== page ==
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Leafs host red-hot Blackhawks

by Adam Proteau / Toronto Maple Leafs



The Maple Leafs’ opponent Friday is the superstar-studded Chicago Blackhawks – a.k.a. the NHL’s defending Stanley Cup champions, one of the most decorated, celebrated squads of the modern-day era, and, as winners of nine consecutive games, the league’s hottest team. And if the Hawks look like they’ve got an aura of confidence when they take to the ice at Air Canada Centre, that’s because they do, and they’ve done the work necessary to feel that way.

“They’ve got a swagger to themselves, and they’ve earned that with what they’ve done the last few years,” Leafs forward Shawn Matthias said of the Hawks, who moved into a tie for first place in the Western Conference after their 2-1 victory over Montreal Thursday. “They have every right to be as confident as they are, and to have that swagger. You definitely see it. They play with a lot of confidence, and if we’re going to beat them, we’re going to need a full 60 (minutes) and every single guy in this locker room going.”

“I think the biggest thing is they play real solid both ways,” added Leafs captain Dion Phaneuf. “Their top guys are always real good on both sides of the puck, and they’re very dangerous offensively. They’ve found a way to be extremely consistent no matter who’s in their lineup. Every year there’s turnover, new guys come in, but their core is extremely strong and has been for a while. They’re a team that is a real good measuring stick when you go up against them, and you expect the best from a team like Chicago.

The Blackhawks employ arguably the deepest, most talented lineup on the planet, with impact players at every position. And even if star goalie Corey Crawford isn’t in net Friday – backup Scott Darling is expected to get the nod after Crawford stopped 39 of 40 shots against the Habs – Toronto will be in tough to end its losing streak that reached three games after a flat effort in a 3-1 loss to the lowly Columbus Blue Jackets Wednesday. The Buds haven’t looked right since the middle of their California road trip last week, and head coach Mike Babcock said the key to turning around their fortunes is to have a strong start; otherwise, the Leafs will be on their heels, the way Montreal was at the Bell Centre Thursday.

“We’ve got to start on time,” Babcock said. “We’ve got to be ready to go. To me, Chicago really got going in the first 10 minutes (Thursday), they had it on a string, and the game was over. Now, Montreal really came, and Crawford was great, and (the Habs) had the puck and they cycled, but they didn’t start on time. If we come out and watch (the Hawks) instead of playing, it can get ugly fast.”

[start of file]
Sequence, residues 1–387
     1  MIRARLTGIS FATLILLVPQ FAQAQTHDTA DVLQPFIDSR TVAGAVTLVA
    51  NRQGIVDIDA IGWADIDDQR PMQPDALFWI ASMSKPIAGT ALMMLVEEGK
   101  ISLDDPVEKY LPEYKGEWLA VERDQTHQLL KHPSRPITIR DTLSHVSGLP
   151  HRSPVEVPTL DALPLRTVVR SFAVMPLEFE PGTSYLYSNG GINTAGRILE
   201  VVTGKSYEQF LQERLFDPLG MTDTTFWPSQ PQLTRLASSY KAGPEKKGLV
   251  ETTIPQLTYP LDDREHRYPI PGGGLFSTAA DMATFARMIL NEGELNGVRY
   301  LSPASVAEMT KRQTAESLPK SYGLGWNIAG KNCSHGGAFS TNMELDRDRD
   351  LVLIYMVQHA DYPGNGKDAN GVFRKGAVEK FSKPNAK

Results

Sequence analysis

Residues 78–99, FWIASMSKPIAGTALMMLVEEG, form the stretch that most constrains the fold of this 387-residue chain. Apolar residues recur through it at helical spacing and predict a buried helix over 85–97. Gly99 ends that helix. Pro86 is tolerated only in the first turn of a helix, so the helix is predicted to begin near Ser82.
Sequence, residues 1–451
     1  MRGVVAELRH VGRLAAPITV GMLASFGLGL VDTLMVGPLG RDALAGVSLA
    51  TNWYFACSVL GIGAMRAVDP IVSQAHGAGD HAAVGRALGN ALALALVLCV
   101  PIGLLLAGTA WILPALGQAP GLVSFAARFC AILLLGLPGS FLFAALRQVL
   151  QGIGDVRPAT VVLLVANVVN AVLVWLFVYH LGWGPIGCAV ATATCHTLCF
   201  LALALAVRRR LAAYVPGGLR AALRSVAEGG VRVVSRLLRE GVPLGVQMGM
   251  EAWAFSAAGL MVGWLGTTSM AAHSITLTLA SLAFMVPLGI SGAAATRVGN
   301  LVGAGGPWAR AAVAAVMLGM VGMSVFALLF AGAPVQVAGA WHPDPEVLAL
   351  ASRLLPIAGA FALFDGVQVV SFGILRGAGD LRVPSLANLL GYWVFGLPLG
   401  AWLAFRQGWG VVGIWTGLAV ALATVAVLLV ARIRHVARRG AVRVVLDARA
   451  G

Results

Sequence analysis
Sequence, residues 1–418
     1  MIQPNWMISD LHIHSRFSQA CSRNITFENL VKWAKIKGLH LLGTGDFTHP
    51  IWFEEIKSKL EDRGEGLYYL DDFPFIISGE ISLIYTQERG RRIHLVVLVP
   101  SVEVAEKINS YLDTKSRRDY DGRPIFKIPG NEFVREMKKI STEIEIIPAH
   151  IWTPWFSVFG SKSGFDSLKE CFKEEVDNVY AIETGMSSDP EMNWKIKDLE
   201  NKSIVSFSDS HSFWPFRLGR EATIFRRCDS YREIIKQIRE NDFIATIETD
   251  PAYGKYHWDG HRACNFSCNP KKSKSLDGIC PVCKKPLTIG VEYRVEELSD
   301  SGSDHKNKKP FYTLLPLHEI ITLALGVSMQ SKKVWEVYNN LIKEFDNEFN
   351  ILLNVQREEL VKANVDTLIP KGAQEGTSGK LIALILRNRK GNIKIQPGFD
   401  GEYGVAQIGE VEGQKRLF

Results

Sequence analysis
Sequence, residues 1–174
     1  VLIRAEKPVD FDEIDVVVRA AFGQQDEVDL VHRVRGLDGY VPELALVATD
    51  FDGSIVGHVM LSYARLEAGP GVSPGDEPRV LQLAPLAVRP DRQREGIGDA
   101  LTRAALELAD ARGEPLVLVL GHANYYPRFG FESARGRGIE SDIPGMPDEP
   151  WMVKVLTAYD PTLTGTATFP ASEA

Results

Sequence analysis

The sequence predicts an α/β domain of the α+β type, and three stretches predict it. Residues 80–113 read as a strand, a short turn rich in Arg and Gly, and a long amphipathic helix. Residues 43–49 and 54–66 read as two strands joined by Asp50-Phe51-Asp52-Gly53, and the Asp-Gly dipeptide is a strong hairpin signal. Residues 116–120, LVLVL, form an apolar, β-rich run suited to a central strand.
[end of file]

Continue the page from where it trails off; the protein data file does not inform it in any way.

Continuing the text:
Another mountainous task for Toronto will be to contain Hawks captain Jonathan Toews, arguably the best all-around player alive today. Phaneuf has faced Toews a number of times – especially when he was a member of the Calgary Flames – and believes the veteran centre’s consistency is what sets him apart, even among the game’s top leaders.

“He’s one of the best at playing on both sides of the puck,” Phaneuf said of the 27-year-old Toews, who scored his 17th goal of the season in Chicago’s win Thursday. “He’s won, he’s won a lot, and with that there’s experience, and I think he shows that every night. He competes night in and night out…(y)ear after year, he brings it game after game. I think he’s developed into one of the top guys in the league for a reason.”

The Leafs will head to Boston after the game for the second night of back-to-back games Saturday. And while nobody in Toronto’s room is looking past Chicago for a second, Buds players also know the Hawks know they’re a target and thus are always prepared for an opponent’s best effort.

“We’re going to have to be ready, and I think they’re used to that,” Matthias said. “You can’t have an off-night against this club. We’ve had some difficulties the last couple games, and to play this team now, it’s a good test for our club, and it’s a good way to get our confidence back.”

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